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678This probably isn't as useful as you might think.
679Normally, you shouldn't need to.
ba62762e 680
1bfb14c4 681In one sense, what you are asking doesn't make much sense: encodings
376d9008 682are for characters, and binary data are not "characters", so converting
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683"data" into some encoding isn't meaningful unless you know in what
684character set and encoding the binary data is in, in which case it's
376d9008 685not just binary data, now is it?
8baee566 686
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687If you have a raw sequence of bytes that you know should be
688interpreted via a particular encoding, you can use C<Encode>:
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689
690 use Encode 'from_to';
691 from_to($data, "iso-8859-1", "utf-8"); # from latin-1 to utf-8
692
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693The call to C<from_to()> changes the bytes in C<$data>, but nothing
694material about the nature of the string has changed as far as Perl is
695concerned. Both before and after the call, the string C<$data>
696contains just a bunch of 8-bit bytes. As far as Perl is concerned,
697the encoding of the string remains as "system-native 8-bit bytes".
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698
699You might relate this to a fictional 'Translate' module:
700
701 use Translate;
702 my $phrase = "Yes";
703 Translate::from_to($phrase, 'english', 'deutsch');
704 ## phrase now contains "Ja"
ba62762e 705
8baee566 706The contents of the string changes, but not the nature of the string.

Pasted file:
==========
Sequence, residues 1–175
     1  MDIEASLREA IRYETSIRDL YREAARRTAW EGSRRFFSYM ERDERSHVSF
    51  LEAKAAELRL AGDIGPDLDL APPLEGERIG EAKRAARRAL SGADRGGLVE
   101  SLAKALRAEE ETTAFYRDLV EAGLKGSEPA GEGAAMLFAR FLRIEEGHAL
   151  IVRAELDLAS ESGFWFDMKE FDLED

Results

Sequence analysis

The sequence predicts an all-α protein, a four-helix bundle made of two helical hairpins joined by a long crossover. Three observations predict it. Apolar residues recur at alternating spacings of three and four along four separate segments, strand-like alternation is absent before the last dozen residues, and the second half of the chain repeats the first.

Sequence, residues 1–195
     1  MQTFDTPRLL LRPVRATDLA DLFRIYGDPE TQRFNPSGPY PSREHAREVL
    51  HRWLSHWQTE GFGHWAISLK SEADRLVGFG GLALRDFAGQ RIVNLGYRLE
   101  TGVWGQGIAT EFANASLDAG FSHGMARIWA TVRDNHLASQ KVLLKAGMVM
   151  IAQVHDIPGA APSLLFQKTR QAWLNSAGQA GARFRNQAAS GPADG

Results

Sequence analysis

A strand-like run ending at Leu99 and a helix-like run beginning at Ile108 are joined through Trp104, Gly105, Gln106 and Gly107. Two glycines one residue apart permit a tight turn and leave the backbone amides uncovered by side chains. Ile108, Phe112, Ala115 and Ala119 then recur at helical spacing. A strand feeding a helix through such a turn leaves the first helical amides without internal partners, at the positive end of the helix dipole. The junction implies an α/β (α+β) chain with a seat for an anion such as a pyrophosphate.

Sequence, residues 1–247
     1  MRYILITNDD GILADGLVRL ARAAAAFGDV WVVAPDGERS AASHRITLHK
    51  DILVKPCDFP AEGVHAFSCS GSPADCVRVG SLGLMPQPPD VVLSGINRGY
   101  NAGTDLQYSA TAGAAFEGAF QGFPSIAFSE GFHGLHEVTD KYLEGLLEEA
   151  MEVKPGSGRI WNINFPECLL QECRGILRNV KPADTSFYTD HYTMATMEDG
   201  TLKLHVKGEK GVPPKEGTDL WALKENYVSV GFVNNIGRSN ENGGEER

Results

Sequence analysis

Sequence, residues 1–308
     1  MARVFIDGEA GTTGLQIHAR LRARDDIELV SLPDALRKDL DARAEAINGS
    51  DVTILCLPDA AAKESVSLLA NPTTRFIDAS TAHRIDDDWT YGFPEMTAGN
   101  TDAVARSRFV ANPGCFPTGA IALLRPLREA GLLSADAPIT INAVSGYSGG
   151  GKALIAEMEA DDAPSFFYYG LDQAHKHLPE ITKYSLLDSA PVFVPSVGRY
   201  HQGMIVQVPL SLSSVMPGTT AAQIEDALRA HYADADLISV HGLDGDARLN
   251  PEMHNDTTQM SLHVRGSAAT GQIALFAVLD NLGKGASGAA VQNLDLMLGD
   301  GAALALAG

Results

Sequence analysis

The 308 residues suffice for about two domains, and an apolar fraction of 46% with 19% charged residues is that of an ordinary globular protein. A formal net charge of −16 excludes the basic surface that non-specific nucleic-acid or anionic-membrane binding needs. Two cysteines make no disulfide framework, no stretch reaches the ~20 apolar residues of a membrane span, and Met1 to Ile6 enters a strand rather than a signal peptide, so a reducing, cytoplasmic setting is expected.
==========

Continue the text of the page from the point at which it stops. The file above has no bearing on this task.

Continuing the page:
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707Perl doesn't know any more after the call than before that the
708contents of the string indicates the affirmative.
ba62762e 709
376d9008 710Back to converting data. If you have (or want) data in your system's
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711native 8-bit encoding (e.g. Latin-1, EBCDIC, etc.), you can use
712pack/unpack to convert to/from Unicode.
ba62762e 713
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714 $native_string = pack("W*", unpack("U*", $Unicode_string));
715 $Unicode_string = pack("U*", unpack("W*", $native_string));
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716
717If you have a sequence of bytes you B<know> is valid UTF-8,
718but Perl doesn't know it yet, you can make Perl a believer, too:
719
720 use Encode 'decode_utf8';
8baee566 721 $Unicode = decode_utf8($bytes);
ba62762e 722
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723or:
724
725 $Unicode = pack("U0a*", $bytes);
ae5648b3 726
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727You can convert well-formed UTF-8 to a sequence of bytes, but if
728you just want to convert random binary data into UTF-8, you can't.
1bfb14c4 729B<Any random collection of bytes isn't well-formed UTF-8>. You can
ba62762e 730use C<unpack("C*", $string)> for the former, and you can create
8baee566 731well-formed Unicode data by C<pack("U*", 0xff, ...)>.
ba62762e 732
818c4caa 733=item *
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734
735How Do I Display Unicode? How Do I Input Unicode?
ba62762e 736
076d825e 737See http://www.alanwood.net/unicode/ and
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738http://www.cl.cam.ac.uk/~mgk25/unicode.html
739
818c4caa 740=item *
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741
742How Does Unicode Work With Traditional Locales?
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743
744In Perl, not very well. Avoid using locales through the C<locale>
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745pragma. Use only one or the other. But see L<perlrun> for the
746description of the C<-C> switch and its environment counterpart,
747C<$ENV{PERL_UNICODE}> to see how to enable various Unicode features,
748for example by using locale settings.
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749
750=back
751
752=head2 Hexadecimal Notation
753
376d9008
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754The Unicode standard prefers using hexadecimal notation because
755that more clearly shows the division of Unicode into blocks of 256 characters.
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756Hexadecimal is also simply shorter than decimal. You can use decimal
757notation, too, but learning to use hexadecimal just makes life easier
1bfb14c4 758with the Unicode standard. The C<U+HHHH> notation uses hexadecimal,
076d825e 759for example.
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760